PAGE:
Senator Successfully Fights to Include Efforts to Connect Child Welfare System with Mental Health Services, Help Small Towns and Rural Areas Recruit and Retain Health Professionals in Legislative Package

WASHINGTON, D.C. [12/12/19]–U.S. Senator Tina Smith (D-Minn.) successfully worked to include her key priorities in legislation passed by the Senate Health Committee today that would make sure the child welfare system supports and connects families to needed mental health services, and help recruit and support health professionals in underserved and rural areas.

The Child Abuse Prevention and Treatment Act (CAPTA) was enacted 45 years ago and governs important child protection programs and services to prevent, assess, and identify child abuse and neglect—and it is the only federal program exclusively dedicated to these aims.  Earlier this year, Sen. Smith introduced Supporting Family Mental Health in CAPTA Act to improve the delivery of mental health services for children and families, connect families with needed support services, support research on effective practices to prevent child abuse and neglect and address disparities in the child welfare system. Sen. Smith worked hard to ensure several provisions of her bill are included in CAPTA, which is due to be reauthorized and which the Senate HELP Committee voted unanimously to advance today.

“All children deserve a strong start in life which begins with safe, stable and nurturing relationships and environments. When I talk with people about how Minnesota’s children are doing, so many are worried about the mental health challenges and trauma that children and families are facing. If we don’t address trauma that some families and children go through, the cycle can continue through adulthood and onto future generations. That’s why I’m pleased to see several of the provisions in my bill included in the CAPTA Reauthorization, which we marked up today,” said Sen. Smith. “When we connect families to the local services they need and we really work to support parents, families are stronger and children can get a better start in life.” 

Sen. Smith fought to make sure CAPTA includes measures to:

  • Improve state grants for child welfare programs and child protective services
    • Enhance focus on the primary prevention of child abuse and neglect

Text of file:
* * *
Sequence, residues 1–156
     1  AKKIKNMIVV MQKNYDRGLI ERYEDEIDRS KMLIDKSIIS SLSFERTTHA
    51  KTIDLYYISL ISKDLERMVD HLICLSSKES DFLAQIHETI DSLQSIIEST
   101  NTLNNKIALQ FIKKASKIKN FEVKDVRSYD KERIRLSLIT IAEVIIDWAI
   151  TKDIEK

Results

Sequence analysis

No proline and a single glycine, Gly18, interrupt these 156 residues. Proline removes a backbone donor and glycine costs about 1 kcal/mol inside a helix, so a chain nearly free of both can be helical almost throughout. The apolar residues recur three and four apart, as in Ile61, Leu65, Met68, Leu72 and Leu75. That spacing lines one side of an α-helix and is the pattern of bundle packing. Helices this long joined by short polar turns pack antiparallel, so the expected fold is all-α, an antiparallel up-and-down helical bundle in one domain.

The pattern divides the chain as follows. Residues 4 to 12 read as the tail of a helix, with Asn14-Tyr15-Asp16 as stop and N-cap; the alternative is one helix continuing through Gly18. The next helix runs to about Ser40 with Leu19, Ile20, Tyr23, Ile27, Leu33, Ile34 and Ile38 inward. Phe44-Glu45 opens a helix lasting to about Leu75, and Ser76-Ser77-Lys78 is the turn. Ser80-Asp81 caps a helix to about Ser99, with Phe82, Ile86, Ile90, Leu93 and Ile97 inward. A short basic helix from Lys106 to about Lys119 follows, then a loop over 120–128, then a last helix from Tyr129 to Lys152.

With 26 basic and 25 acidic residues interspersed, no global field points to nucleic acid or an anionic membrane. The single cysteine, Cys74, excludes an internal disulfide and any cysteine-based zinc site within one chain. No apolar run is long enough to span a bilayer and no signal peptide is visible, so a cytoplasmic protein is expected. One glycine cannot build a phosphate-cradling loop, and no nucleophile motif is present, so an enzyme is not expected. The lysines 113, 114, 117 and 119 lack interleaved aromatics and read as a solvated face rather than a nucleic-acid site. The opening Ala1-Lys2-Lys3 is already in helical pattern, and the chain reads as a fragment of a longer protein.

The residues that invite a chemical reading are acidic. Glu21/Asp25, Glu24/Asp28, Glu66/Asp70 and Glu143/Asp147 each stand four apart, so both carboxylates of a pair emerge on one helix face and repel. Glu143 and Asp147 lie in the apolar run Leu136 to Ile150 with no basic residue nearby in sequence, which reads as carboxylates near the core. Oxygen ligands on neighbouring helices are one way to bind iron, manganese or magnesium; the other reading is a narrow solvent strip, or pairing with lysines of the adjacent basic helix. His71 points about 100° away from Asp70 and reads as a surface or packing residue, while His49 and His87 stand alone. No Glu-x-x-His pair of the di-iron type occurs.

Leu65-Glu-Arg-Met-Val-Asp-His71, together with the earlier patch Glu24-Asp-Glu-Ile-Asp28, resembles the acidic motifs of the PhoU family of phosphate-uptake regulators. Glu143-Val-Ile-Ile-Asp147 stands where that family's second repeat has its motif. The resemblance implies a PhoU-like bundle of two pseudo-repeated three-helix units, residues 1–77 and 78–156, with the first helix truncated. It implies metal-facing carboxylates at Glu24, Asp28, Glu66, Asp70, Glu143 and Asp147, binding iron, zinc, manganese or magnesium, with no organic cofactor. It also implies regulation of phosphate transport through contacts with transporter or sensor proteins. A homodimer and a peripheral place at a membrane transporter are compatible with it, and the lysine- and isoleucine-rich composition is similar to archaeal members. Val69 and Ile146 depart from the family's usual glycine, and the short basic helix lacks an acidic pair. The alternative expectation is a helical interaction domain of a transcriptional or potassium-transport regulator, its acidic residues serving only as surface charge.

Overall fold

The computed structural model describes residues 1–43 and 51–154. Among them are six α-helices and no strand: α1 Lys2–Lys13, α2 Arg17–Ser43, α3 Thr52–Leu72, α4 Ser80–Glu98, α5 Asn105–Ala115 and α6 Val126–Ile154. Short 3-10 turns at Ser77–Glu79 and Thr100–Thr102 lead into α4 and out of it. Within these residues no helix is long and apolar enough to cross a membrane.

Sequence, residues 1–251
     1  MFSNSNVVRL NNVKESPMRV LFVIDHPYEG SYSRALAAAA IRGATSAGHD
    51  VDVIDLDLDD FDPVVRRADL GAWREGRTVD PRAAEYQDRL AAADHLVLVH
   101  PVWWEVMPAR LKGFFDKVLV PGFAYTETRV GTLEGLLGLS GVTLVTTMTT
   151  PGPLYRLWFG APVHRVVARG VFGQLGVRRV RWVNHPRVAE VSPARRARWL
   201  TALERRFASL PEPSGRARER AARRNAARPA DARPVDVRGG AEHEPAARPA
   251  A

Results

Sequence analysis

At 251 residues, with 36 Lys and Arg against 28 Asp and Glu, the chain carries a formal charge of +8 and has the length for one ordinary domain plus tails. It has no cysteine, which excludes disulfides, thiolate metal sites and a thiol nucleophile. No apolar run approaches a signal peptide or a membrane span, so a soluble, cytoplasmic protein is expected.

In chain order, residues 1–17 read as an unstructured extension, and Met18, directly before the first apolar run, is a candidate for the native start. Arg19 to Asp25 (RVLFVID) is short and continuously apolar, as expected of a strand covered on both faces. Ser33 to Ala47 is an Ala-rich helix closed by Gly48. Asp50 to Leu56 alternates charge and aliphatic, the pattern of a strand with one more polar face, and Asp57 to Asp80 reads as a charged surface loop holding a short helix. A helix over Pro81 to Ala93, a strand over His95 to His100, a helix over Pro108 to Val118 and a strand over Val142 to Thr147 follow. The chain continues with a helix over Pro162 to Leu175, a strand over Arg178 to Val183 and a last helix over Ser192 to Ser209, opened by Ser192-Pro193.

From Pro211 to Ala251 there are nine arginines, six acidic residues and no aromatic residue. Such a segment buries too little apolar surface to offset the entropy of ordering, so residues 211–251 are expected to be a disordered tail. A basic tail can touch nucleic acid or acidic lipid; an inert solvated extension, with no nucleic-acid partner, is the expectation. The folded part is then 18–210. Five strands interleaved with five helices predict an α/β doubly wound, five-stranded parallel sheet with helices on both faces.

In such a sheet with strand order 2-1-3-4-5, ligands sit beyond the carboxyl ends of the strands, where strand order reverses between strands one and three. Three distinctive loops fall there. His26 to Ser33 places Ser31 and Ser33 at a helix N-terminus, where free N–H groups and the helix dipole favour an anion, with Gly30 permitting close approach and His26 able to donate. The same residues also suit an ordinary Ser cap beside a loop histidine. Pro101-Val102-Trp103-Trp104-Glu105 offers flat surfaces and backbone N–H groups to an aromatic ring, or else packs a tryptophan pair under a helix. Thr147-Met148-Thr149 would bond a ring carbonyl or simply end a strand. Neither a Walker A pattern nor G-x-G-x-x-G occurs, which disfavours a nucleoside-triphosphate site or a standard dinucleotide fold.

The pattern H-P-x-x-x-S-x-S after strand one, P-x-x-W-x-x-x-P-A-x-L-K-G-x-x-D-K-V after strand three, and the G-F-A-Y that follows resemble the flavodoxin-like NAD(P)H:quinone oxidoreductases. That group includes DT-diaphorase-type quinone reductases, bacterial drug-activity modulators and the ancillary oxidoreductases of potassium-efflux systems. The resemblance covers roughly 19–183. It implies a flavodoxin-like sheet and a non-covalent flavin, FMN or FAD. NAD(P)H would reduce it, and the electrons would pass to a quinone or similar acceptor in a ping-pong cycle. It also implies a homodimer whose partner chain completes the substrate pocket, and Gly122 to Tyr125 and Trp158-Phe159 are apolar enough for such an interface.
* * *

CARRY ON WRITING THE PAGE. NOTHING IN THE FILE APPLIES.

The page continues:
• Increase collaboration among entities that provide child welfare services and those that provide health care needs, including services for mental health and substance use disorders
    • Strengthen training to enhance interagency coordination and improve facilitation of best practices when working with families with mental health needs
       
  • Strengthen community-based grants for child abuse prevention
    • Connect individuals and families to basic needs including childcare and nutritional programs
    • Outreach to, and improved support of, underserved and at-risk populations including LGBTQ+ youth
    • Ensure Tribes receive robust support and funding for prevention services
       
  • Enhance research and technical assistance programs at the Department of Health and Human Services
    • Leverage community-based resources to prevent child abuse and neglect including those related to health (including mental health), housing, parent support, financial assistance, early childhood education and care and other services
    • Improve methods of collaboration between the child protection system and other agencies, including the juvenile justice system and entities that deliver services and treatment related to domestic violence and mental health
    • Identify evidence-based programs that prevent child abuse and neglect in families that have not had contact with the child welfare system
    • Address geographic, racial and cultural disparities in the child welfare system

In addition to fighting for families in CAPTA, Sen. Smith partnered with her Republican colleague Senator John Barrasso of Wyoming on legislation to help rural communities overcome the challenges of recruiting and retaining qualified health professionals. A number of measures from their bill were included in the Title VII Health Care Workforce Reauthorization Act, which the Senate also marked up today. Sens. Smith and Barrasso’s bill would reauthorize the Primary Care Training Enhancement Program, which creates more training positions for family, internal and pediatric physicians and prioritizes training in rural locations. Their bill would also reauthorize Area Health Education Centers, which help recruit and support health professionals in underserved and rural areas.

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